Tissue model reveals role of blood-brain barrier in Alzheimer's
Beta-amyloid plaques, the protein aggregates that form in the brains of Alzheimer's patients, disrupt many brain functions and can kill neurons. They can also damage the blood-brain barrier—the normally tight border that prevents harmful molecules in the bloodstream from entering the brain.
MIT engineers have now developed a tissue model that mimics beta-amyloid's effects on the blood-brain barrier, and used it to show that this damage can lead molecules such as thrombin, a clotting factor normally found in the bloodstream, to enter the brain and cause additional damage to Alzheimer's neurons.
"We were able to show clearly in this model that the amyloid-beta secreted by Alzheimer's disease cells can actually impair barrier function, and once that is impaired, factors are secreted into the brain tissue that can have adverse effects on neuron health," says Roger Kamm, the Cecil and Ida Green Distinguished Professor of Mechanical and Biological Engineering at MIT.
The researchers also used the tissue model to show that a drug that restores the blood-brain barrier can slow down the cell death seen in Alzheimer's neurons.
Kamm and Rudolph Tanzi, a professor of neurology at Harvard Medical School and Massachusetts General Hospital, are the senior authors of the study, which appears in the journal Advanced Science. MIT postdoc Yoojin Shin is the paper's lead author.
The blood vessel cells that make up the blood-brain barrier have many specialized proteins that help them to form tight junctions—cellular structures that act as a strong seal between cells.
Alzheimer's patients often experience damage to brain blood vessels caused by beta-amyloid proteins, an effect known as cerebral amyloid angiopathy (CAA). It is believed that this damage allows harmful molecules to get into the brain more easily. Kamm decided to study this phenomenon, and its role in Alzheimer's, by modeling brain and blood vessel tissue on a microfluidic chip.
"What we were trying to do from the start was generate a model that we could use to understand the interactions between Alzheimer's disease neurons and the brain vasculature," Kamm says. "Given the fact that there's been so little success in developing therapeutics that are effective against Alzheimer's, there has been increased attention paid to CAA over the last couple of years."
His lab began working on this project several years ago, along with researchers at MGH who had engineered neurons to produce large amounts of beta-amyloid proteins, just like the brain cells of Alzheimer's patients.
Led by Shin, the researchers devised a way to grow these cells in a microfluidic channel, where they produce and secrete beta-amyloid protein. On the same chip, in a parallel channel, the researchers grew brain endothelial cells, which are the cells that form the blood-brain barrier. An empty channel separated the two channels while each tissue type developed.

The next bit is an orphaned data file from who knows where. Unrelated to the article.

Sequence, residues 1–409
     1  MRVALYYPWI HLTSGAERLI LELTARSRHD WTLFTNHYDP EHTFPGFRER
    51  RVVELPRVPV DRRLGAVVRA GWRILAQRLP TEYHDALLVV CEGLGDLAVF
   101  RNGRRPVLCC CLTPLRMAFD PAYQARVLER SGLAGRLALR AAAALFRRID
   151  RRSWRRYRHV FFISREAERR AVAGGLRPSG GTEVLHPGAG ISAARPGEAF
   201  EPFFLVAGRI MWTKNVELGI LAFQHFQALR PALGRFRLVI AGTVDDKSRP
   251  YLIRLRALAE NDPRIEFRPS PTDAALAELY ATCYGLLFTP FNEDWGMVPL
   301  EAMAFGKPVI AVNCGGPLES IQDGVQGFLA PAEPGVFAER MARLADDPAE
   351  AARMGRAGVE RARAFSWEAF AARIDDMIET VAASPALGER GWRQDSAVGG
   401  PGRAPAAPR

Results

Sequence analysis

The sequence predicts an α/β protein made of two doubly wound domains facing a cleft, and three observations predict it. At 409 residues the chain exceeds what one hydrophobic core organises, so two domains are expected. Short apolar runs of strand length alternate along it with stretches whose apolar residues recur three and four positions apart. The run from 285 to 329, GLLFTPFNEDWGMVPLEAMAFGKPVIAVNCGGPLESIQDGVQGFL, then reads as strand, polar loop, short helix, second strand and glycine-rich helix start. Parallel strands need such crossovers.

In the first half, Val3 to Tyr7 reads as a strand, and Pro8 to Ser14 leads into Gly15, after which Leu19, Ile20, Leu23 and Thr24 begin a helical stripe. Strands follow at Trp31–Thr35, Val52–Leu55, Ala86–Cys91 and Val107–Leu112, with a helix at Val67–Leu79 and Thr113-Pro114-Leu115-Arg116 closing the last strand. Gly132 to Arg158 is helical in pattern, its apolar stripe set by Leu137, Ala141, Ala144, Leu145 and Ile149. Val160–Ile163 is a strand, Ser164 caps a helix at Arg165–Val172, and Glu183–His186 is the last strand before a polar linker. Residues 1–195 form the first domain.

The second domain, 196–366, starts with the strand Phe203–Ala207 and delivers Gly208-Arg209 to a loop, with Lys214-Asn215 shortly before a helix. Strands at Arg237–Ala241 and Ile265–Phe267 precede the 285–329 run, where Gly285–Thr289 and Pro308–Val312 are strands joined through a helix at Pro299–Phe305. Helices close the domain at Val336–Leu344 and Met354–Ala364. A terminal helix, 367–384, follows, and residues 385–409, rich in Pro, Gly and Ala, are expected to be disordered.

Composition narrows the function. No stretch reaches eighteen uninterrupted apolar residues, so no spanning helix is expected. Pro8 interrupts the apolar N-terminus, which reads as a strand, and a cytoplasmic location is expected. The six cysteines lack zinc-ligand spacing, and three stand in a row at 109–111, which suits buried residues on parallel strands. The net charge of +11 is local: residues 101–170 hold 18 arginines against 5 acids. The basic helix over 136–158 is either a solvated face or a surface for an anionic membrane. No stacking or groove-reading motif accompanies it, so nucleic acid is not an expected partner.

After 10 days of cell growth, the researchers added collagen to the central channel separating the two tissue types, which allowed molecules to diffuse from one channel to the other. They found that within three to six days, beta-amyloid proteins secreted by the neurons began to accumulate in the endothelial tissue, which led the cells to become leakier. These cells also showed a decline in proteins that form tight junctions, and an increase in enzymes that break down the extracellular matrix that normally surrounds and supports blood vessels.
As a result of this breakdown in the blood-brain barrier, thrombin was able to pass from blood flowing through the leaky vessels into the Alzheimer's neurons. Excessive levels of thrombin can harm neurons and lead to cell death.
"We were able to demonstrate this bidirectional signaling between cell types and really solidify things that had been seen previously in animal experiments, but reproduce them in a model system that we can control with much more detail and better fidelity," Kamm says.
Plugging the leaks
The researchers then decided to test two drugs that have previously been shown to solidify the blood-brain barrier in simpler models of endothelial tissue. Both of these drugs are FDA-approved to treat other conditions. The researchers found that one of these drugs, etodolac, worked very well, while the other, beclomethasone, had little effect on leakiness in their tissue model.
In tissue treated with etodolac, the blood-brain barrier became tighter, and neurons' survival rates improved. The MIT and MGH team is now working with a drug discovery consortium to look for other drugs that might be able to restore the blood-brain barrier in Alzheimer's patients.
"We're starting to use this platform to screen for drugs that have come out of very simple single cell screens that we now need to validate in a more complex system," Kamm says. "This approach could offer a new potential form of Alzheimer's treatment, especially given the fact that so few treatments have been demonstrated to be effective."